These distortions feed, and are fed by, a pattern of misrepresentative commercial exchange between the East and West. In Pliny the Elder's Natural History, written around 77 A.D., the geographer details, incorrectly, the harvest of silk from boiled tree leaves, and marvels at the laboriousness with which Chinese industry has extended to Rome. Even then, China was defined by its commodities: the northwestern region was called Serica, from the ancient West's word for silk. As Western imaginations continued to underestimate this Flowery Kingdom, China launched ambitious plans to conquer Japan. Medieval contemporaries of Marco Polo grew to mistrust his reports on principle, and even as the Silk Road progressed, Western understanding of the East couldn't keep pace with the desire for its products.
In the 17th century, French designers fell for the charms of Chinese porcelain, and failing to learn its secret formulas, created their own florid revision of the pottery. Soon, European salons were covered in chinoiserie fabrics, furnishings and architecture. Most notable is England's bulbous Royal Pavilion at Brighton, whose confectionery assemblage, though in an Indian mode, hasn't deterred Tam-and a world of less critically minded designers apt to conflate one Asian knock-off with another-from paying tribute. A devout bargain-hunter, Tam bought several of her show's pieces at Pearl River Mart, a New York City favorite for present-day chinoiserie like rice paper lamps and massive urns. In addition to Chinatown, her sources include Dollarama, Wal-Mart, and Ikea.
In the mid-19th century, Chinese immigrants arrived on North American shores, where, for low pay, they took jobs on the railroads and in mines. Anti-immigrant sentiment grew, especially during the Depression, and North American lawmakers passed legislation aimed blatantly at disenfranchising Chinese immigrants, such as Canada's 1885 Head Tax, a sizable fee discouraging Chinese immigrants from entering the country. The tax was ended only in 1923, when the country banned Chinese immigration entirely. Nascent Chinatowns, their residents forced into poverty and desperation, became ghettoized and gained a reputation as harbors for vice.
Under this dispiriting climate, China's malicious portrayals in Western popular culture were born. Xenophobia found an accepted outlet in novels like The Insidious Dr. Fu Manchu, from 1913, whose title character was described as the "yellow peril incarnate in one man... with a brow like Shakespeare and a face like Satan." The series' English creator, Sax Rohmer, wrote in his autobiography, "I made my name on Fu Manchu because I know nothing about the Chinese...I do know something about Chinatown." Even of those non-Chinese with a less assumptive approach, Tam says, "They admire the culture, but they're unwilling to deal with the community." She cites Canada's Head Tax Redress Campaign, through which each living immigrant (and their spouse) who paid the tax receives $20,000 in restitution. Though few survivors remain, advocates for the redress campaign found numerous opponents. Tam's installation, in this context, gives adamant presence, and plainspoken rebuttal, to what she calls the inheritance of inequality.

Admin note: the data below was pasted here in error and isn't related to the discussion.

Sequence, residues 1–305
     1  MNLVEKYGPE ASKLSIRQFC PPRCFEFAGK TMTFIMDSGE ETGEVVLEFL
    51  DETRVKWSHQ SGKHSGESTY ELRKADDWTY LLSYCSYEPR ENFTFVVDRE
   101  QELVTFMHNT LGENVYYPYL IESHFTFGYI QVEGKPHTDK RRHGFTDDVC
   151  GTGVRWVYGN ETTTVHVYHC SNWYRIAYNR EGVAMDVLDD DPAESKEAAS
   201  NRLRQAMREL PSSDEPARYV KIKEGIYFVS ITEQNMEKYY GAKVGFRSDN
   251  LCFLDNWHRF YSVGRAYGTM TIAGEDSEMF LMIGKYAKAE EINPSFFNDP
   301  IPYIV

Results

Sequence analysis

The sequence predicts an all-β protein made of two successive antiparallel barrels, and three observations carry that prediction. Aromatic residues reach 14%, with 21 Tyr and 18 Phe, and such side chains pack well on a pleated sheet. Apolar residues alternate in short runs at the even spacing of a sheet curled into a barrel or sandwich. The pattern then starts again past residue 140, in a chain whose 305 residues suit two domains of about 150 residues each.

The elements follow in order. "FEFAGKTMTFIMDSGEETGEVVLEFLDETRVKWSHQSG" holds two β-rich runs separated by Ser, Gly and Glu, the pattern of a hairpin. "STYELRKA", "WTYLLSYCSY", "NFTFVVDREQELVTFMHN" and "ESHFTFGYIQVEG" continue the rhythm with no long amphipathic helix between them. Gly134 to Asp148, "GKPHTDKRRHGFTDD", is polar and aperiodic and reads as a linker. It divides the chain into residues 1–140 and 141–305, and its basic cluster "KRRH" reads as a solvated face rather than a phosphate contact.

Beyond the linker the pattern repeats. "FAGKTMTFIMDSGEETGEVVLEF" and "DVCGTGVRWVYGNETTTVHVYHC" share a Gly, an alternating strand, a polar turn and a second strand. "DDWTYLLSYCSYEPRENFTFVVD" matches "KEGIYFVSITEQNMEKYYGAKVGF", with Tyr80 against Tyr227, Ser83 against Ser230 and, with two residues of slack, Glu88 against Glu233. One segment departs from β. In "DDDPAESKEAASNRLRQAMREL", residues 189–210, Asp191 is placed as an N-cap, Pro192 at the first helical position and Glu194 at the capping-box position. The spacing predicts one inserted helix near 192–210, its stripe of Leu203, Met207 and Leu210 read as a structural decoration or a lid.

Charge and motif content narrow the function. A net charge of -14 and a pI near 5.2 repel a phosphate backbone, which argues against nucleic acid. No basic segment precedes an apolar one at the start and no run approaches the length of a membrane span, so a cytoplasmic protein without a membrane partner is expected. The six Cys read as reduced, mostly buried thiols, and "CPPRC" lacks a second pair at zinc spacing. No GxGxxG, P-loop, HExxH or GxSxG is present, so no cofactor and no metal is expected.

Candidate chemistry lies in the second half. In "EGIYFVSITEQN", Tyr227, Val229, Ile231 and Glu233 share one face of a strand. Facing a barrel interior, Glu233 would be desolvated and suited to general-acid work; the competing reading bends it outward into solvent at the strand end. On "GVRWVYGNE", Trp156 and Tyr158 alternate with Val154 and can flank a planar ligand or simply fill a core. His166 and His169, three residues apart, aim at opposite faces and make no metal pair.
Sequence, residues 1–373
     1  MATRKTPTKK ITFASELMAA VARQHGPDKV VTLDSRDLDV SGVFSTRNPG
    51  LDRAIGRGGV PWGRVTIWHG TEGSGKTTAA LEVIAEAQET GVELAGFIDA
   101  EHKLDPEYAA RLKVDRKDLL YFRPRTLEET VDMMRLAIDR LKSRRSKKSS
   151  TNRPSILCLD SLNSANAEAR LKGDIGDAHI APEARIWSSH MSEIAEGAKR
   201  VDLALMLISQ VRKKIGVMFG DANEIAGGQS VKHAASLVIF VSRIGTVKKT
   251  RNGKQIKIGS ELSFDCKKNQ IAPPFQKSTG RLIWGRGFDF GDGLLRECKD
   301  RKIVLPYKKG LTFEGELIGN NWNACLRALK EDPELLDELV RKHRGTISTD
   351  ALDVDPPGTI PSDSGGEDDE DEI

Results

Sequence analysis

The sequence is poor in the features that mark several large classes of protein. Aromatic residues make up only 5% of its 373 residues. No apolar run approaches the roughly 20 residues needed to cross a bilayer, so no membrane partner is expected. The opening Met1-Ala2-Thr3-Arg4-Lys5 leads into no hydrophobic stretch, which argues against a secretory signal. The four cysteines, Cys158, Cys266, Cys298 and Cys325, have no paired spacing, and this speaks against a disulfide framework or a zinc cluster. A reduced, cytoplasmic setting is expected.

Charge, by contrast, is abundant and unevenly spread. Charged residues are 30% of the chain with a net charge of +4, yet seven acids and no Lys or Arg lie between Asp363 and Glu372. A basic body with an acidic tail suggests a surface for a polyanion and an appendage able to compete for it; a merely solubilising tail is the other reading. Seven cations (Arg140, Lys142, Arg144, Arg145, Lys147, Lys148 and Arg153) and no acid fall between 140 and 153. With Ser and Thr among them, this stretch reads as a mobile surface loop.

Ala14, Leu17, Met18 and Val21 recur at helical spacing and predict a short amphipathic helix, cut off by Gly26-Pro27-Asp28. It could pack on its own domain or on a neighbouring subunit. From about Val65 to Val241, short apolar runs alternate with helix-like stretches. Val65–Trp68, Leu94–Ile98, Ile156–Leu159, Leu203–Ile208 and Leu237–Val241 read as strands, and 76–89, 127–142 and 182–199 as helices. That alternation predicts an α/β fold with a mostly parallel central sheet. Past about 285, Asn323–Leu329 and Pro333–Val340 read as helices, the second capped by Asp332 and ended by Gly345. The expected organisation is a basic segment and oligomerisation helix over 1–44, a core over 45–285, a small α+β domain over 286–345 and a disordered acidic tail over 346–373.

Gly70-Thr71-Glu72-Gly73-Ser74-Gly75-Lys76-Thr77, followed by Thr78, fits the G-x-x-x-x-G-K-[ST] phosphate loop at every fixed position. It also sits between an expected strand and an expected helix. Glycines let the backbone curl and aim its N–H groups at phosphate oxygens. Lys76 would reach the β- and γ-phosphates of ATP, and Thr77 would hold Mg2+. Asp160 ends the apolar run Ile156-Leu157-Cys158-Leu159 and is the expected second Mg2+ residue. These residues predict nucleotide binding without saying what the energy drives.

Tam defines intolerance, past or present, as a construct of misplaced intentions. "There's always going to be misunderstanding, no matter what," she says. Her work traces the slippage she sees as slightly incongruent planes of culture move atop one another. Explaining the dynamic further, she mentions the racist political cartoons that, in 2005, buried Denmark and Islam in a heap of blame. "Both sides were right, and both sides were wrong," she says. As public perception thus polarizes any ambiguous subject, China's booming industry is now a scapegoat for the perceived ills of globalization. Product-recall figures, for instance, show that the country holds a share roughly proportionate to that of other producing countries, while America's global economic policy only appears to enforce its own instability to the benefit of China. In short, Tam, says, the West is getting a raw deal, unwittingly so. It wouldn't be the first time the West has dawdled in recognizing that China is more than a Flowery Kingdom. "Globalization can only work in China's favor," Tam says. "It can only dominate...there's been globalization since the Silk Road."
Still, if the misunderstanding mutual to East and West is rooted in their commercially constructed identities, are there misgivings over restaurants like the Tams,' muting one culture while playing up a second? Of course not, she says, because one cuisine is no better than another. Just as restaurant patrons also felt no betrayal or loss in eating semi-Chinese food, neither does the average Western consumer, daily and innocently subsisting on China's efforts. Ultimately, in the choice between one China and another, past versus future, Tam holds no preference, no original to be held up as ideal. As she says, "fake isn't fake," it's just another kind of authentic, shifting to merge with that of still other cultures. "It is what it is."
The writer, French Clements, was born in San Jose, CA and trained as a dancer for 10 years in San Francisco and in New York, where he received his degree from Fordham University and The Ailey School. After an internship at the Peggy Guggenheim Collection in Venice, Italy, he moved to Massachusetts, where he was the press representative for the country's longest running dance festival, Jacob's Pillow. Now, in addition to teaching ballet, he writes about dance and the arts for publications including
. He also writes about dance for Williams College in Williamstown, MA.